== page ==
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History of the Breed

The History of American Milking Devon Cattle by Devon Point Farm

The name "Milking Devon" is actually a misnomer. The correct name for the breed of cattle is North Devon. American Milking American Milking Devons at Devon Point Farm in Woodstock, ConnecticutDevons are also known as North Devons or Red Devons. The name "American Milking Devon" is a name that is the result of a political shift in a once united Devon Association in the United States. The original Devon Association split into two groups: one focusing on beef (Beef Devon Association) and the other focusing on the integrity of the original tri-purpose (beef, milk, and oxen) breed, calling themselves the American Milking Devon Cattle Association. There is no evidence that today's "Milking Devon" is any different or has been modified in any way from the original North Devon. The Beef Devon is an example of a change in selection, type and breeding which has resulted in a breed quite unlike the original North Devon.

The North Devon whose name comes from a peninsula located in the north of what is known as Devonshire, England. These cattle are believed to have descended from a smaller breed of aboriginal cattle in England. The cattle that inhabited this area in southwestern England grazed year round in the elements on wild grasses. They were noted for their exceptional performance in these conditions in the earliest of times. It surely was this reason that these cattle were selected of all the English breeds to sail to the New World (America) crossing the Atlantic from England in the year 1623 on the ship Charity.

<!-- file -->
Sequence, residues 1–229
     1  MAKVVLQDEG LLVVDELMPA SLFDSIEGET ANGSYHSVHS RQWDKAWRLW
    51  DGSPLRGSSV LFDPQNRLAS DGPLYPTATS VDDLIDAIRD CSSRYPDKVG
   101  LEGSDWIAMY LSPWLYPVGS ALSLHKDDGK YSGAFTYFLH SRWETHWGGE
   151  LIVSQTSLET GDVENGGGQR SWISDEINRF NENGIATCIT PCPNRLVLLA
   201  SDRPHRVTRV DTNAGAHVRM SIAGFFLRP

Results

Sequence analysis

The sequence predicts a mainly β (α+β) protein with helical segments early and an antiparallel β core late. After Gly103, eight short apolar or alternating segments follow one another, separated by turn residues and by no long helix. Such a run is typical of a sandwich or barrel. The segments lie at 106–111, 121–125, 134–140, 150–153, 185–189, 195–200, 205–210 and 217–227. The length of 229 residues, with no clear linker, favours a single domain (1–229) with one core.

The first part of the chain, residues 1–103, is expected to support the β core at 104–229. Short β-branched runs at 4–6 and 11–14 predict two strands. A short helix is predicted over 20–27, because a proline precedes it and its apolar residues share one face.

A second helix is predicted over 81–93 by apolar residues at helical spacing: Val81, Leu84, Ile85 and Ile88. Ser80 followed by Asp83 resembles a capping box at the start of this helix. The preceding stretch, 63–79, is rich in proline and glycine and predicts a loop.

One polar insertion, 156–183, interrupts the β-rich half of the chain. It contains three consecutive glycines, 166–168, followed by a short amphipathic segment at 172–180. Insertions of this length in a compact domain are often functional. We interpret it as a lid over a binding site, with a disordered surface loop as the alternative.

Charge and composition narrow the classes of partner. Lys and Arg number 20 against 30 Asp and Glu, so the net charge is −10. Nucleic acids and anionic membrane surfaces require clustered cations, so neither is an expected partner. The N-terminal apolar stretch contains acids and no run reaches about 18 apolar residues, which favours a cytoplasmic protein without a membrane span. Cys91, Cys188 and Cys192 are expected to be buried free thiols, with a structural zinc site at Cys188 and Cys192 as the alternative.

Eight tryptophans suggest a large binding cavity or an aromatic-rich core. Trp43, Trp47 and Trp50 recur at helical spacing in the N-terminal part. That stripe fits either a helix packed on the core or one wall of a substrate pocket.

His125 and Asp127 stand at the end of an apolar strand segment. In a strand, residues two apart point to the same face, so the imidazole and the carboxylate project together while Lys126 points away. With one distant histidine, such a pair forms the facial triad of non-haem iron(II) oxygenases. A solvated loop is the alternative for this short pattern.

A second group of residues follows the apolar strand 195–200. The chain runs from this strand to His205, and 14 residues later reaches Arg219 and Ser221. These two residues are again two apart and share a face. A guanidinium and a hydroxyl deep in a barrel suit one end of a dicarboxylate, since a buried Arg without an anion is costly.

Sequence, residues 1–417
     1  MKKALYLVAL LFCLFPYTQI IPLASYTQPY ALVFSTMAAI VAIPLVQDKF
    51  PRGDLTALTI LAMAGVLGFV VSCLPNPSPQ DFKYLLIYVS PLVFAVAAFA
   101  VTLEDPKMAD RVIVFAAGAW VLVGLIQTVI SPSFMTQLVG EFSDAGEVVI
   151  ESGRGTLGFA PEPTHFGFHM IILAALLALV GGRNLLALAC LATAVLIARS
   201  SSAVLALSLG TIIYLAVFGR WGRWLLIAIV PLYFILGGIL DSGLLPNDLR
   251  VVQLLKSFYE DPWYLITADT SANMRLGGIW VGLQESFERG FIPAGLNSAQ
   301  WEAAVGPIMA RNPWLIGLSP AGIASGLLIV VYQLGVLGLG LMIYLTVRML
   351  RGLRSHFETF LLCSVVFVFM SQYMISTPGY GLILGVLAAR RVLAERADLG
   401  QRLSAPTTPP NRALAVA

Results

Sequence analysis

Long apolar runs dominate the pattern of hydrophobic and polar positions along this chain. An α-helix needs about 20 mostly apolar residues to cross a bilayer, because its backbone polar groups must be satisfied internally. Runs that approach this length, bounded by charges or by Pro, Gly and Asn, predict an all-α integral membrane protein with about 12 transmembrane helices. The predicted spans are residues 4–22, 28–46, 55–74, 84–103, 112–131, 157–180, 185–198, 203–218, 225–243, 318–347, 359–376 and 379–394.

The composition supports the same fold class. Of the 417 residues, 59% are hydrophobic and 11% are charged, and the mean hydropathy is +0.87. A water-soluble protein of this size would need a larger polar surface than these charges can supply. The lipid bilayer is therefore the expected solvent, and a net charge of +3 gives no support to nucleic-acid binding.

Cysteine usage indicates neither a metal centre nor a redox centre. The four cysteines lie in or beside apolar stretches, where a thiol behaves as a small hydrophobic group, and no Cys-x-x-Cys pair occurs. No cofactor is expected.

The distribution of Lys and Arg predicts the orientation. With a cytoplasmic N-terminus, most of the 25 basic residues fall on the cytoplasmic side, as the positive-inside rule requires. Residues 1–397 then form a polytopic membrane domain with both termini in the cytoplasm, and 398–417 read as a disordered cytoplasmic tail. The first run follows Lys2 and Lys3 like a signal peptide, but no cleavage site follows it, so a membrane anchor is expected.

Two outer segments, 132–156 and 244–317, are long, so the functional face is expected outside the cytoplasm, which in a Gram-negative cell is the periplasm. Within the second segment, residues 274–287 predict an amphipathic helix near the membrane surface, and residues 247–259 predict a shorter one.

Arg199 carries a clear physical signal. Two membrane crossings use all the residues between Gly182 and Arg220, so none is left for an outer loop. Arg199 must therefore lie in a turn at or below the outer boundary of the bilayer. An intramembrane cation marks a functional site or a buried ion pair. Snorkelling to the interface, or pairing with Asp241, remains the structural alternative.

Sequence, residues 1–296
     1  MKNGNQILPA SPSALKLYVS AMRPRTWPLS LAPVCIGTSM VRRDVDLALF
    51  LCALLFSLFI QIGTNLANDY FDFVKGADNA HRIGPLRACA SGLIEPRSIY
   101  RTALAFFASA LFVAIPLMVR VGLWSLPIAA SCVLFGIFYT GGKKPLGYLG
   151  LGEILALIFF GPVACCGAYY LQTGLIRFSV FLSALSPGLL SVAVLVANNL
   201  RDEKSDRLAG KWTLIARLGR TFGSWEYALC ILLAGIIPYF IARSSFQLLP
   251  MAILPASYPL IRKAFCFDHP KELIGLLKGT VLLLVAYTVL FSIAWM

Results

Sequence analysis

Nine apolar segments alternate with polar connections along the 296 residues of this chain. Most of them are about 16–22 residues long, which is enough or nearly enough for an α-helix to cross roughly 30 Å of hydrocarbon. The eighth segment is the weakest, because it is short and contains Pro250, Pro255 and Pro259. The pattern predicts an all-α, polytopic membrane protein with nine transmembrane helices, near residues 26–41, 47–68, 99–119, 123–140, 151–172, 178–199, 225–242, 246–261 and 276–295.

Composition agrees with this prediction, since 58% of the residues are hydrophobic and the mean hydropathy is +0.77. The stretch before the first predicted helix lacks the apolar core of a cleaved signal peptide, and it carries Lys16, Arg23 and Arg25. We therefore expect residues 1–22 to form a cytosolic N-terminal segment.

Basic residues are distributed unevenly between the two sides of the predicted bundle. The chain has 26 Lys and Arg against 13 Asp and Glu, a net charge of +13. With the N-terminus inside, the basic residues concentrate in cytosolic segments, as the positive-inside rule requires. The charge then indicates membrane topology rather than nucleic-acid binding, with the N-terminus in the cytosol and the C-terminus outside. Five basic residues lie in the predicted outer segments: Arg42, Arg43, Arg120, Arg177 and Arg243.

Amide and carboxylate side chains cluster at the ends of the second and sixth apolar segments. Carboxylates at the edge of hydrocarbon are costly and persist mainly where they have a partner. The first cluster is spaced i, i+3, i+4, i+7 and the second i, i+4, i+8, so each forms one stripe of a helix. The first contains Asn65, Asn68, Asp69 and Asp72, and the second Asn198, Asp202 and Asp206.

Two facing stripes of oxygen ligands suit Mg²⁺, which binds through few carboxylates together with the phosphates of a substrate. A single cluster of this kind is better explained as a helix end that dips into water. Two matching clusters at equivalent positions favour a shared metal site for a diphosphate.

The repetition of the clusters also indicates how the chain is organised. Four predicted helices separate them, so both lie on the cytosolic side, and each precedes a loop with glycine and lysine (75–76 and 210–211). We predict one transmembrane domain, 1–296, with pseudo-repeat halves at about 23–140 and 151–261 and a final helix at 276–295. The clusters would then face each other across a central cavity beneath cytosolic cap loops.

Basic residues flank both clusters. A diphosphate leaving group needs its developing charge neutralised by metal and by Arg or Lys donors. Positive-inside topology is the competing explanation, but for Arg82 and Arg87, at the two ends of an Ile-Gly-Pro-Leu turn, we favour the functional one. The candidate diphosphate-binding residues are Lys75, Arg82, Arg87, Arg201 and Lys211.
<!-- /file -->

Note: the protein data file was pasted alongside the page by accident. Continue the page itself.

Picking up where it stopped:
The North Devon Cattle brought to this country were the one cattle, which could do well in all three areas: beef, milk and oxen. They could work as oxen all day in the field, the cows produced a quality nutritious milk which is unmatched even by today's standards by any commercial breed, and when they had finished their duties they produced meat for the table which can rival that of any other beef in flavor and texture. The North Devon could do all of this on marginal forage that no other breed could perform on.

It was these cattle that broke the New England forests, uprooted rocks clearing the way for farms, pulled plows, built roads, hauled wagons and provided food for the settlers. The North Devon in its original form is now extinct in its native lands of Devonshire England. From these early aboriginal cattle resulted two distinct breed registries in America: The Beef Devon which represents a modified North Devon and the American Milking Devon which represents the original North Devon, a true tri-purpose horned animal that was not dedicated to either beef or milk (or oxen) but instead was suited for survival in the elements and performance on a purely grass diet making it ideal for all three uses: milk, beef and oxen.
The Beef Devon is a breed that was developed out of the foundation stock of North Devon's brought to the United States between 1623 and 1900. The Beef Devon was developed and altered from its original state for the sole purpose of the production of Beef. Today the Beef Devon Association has members in numerous countries and cattle numbering in the thousands.